Romney Marsh
Kent TN29
The south-east coast of England is mainly pebble beach with high chalk cliffs at Dover, Fokestone and the East Sussex Downs. The pebbles are chalk debris resulting from thousands of years of coastal erosion.
Shingle Bank
The strong north easterly currents in the English Channel have swept the pebbles into shingle banks in a phenomenon called longshore drift.  Dungeness peninsula projects 3 miles (4.8 km) out into the English Channel.  It is the second largest shingle bank in the world and is an extraordinary place to visit.
The shingle bank protects Romney Marsh from the sea so the surrounding landscape is flat.  Although the scene is desolate, the vast skies merge with the calm sea and it is strangely tranquil.  The main sounds come from the crunch of sea lapping the shingle, birds calling and the incessant hum of the nuclear power station on the northern edge of the peninsula.
No trees, just low growing plants
There are no trees, just low growing plants hugging the shingle, large gravel pits filled with water and reed beds.  This area is Dungeness National Nature Reserve and includes the RSPB Dungeness Nature Reserve site with a bird observatory, hides and nature trails.  Boardwalks have been built across the shingle to protect the rare flora and fauna.
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Dungeness Lighthouse
Dungeness is protected by an operating lighthouse, the 5th on the site.  The Old Lighthouse Dungeness built in 1901 is open to visitors.  It is well worth climbing the 169 steps to the top for the magnificent views.  The Round House which is actually the base of the 1792 lighthouse is hidden from view at ground level by a wall and cottages but you get an excellent view of it from the top of the Old Light.
Around 80 tiny wooden shacks house the Dungeness community, their fishing boats pulled up on the shingle.  These old houses have small windows and many are waterproofed with tar or rubber to protect them from the extremes of the weather.
The area is part of the privately owned Dungeness Estate which controls the erection of new buildings, thus retaining the unique appearance of the hamlet. There are only basic facilities and the people who live here are unique characters capable of turning the flotsam and jetsam washed up onto the shore into useful and decorative objects.  There is very limited self-catering and B & B accommodation available.
Heritage Railway terminus
Dungeness is the terminus of the miniature 15 inch (381mm) gauge Romney, Hythe & Dymchurch Railway.  This railway is one of the smallest public railways in the world and provides frequent and regular services throughout the year. Dungeness Railway Station has an excellent café serving hot food. 
There are two pubs, the Britannia Inn Dungeness and the Pilot Inn, Dungeness.  Both serve food as well as drink.
Dungeness RNLI Lifeboat Station
The lifeboat stands ready on the shingle beside the Dungeness RNLI Lifeboat Station. It is an exciting experience to see the boat being launched from its caterpillar trailer on a ‘shout’.  The shop and Station are open for inspection subject to the availability of volunteers, usually on weekends.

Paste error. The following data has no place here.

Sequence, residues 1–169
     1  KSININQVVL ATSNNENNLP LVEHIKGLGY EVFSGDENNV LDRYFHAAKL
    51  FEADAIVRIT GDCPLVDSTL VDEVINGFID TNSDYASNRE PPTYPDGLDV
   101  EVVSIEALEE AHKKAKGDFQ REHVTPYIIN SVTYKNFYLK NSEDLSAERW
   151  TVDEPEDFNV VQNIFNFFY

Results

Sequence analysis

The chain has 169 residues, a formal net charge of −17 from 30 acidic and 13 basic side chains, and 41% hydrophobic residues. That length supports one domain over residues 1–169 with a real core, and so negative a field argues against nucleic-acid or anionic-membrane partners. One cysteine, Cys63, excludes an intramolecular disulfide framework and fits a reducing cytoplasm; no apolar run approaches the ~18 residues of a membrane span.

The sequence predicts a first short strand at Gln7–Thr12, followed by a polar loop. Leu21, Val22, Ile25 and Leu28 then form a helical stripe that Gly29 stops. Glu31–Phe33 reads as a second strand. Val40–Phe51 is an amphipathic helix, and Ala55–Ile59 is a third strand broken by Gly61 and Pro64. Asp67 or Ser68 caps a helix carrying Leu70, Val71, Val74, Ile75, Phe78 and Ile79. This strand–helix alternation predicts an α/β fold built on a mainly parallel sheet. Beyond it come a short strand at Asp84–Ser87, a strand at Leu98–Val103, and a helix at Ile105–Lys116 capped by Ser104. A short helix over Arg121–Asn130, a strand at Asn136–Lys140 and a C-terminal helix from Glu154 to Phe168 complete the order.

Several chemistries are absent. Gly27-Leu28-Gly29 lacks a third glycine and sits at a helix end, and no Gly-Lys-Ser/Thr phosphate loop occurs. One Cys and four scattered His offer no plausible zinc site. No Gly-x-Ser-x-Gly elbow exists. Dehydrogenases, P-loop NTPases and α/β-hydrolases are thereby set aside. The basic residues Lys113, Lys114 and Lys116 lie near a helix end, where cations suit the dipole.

Prospect Cottage & Garden
Not far from the lifeboat is Prospect Cottage & Garden.  This was the hideaway of the famous film director, Derek Jarman.  It is still a private residence but the unusual garden can be easily seen.  The house is black with bright yellow window frames.
If you like visiting somewhere a bit out of the ordinary, Dungeness fits the bill.
There are just two small roads which access the peninsula, one from Lydd and the other from New Romney.
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Getting There
- By Rail & Bus
The nearest railway station is Rye, 10 miles (16 km), then bus 711 to Lydd and bus 12 from Lydd to reserve. Folkestone 20 miles (32 km), then bus service 12. Ashford 16 miles (25 km) then bus service 11 to reserve.
- By Heritage Rail
From Hythe, visitors can take the RH & D Railway to Dungeness.
- By Bus to RSPB Reserve
Bus services 11/11A/11B from Ashford via Lydd (not Sundays) stop on request at the reserve entrance from where there is a one-mile walk to the Visitor Centre. There is a limited service on bus No.12 from Lydd or Folkestone. The nearest stops on Sundays are at either Lydd or Lydd-on-Sea (The Pilot Inn). For more detailed information please contact the RSPB Reserve.
- By Car
From M20: Take Jct 10 onto the A2070 towards Brenzett & Lydd airport. After 12 miles (19.3 km) , turn left at the roundabout & join the A259. After 4 miles (6.4 km) turn right onto the B2075 sign posted for Lydd. Immediately after bridge, take left hand fork. Turn left at roundabout onto Dungeness Road. Continue for 4 miles (6.4 km). Turn right into Dungeness and the Old Lighthouse is at the end of the road.
From Folkestone Follow the A259 and turn left at New Romney traffic lights onto the B2071 (Station Road). At the T junction turn right. Follow the road for 5 miles (8 km), past the Pilot Inn. Turn left into Dungeness and the Old Lighthouse is at the end of the road.
From Hastings & Rye: Take the A259 towards New Romney. At the roundabout turn right. After 4 miles (6.4 km) turn right onto the B2075 sign posted for Lydd. Immediately after the bridge take left hand fork. Turn left at roundabout onto Dungeness Rd. Continue for 4 miles (6.4 km), turn right into Dungeness and the Old Lighthouse is at the end of the road.
Google Maps - Dungeness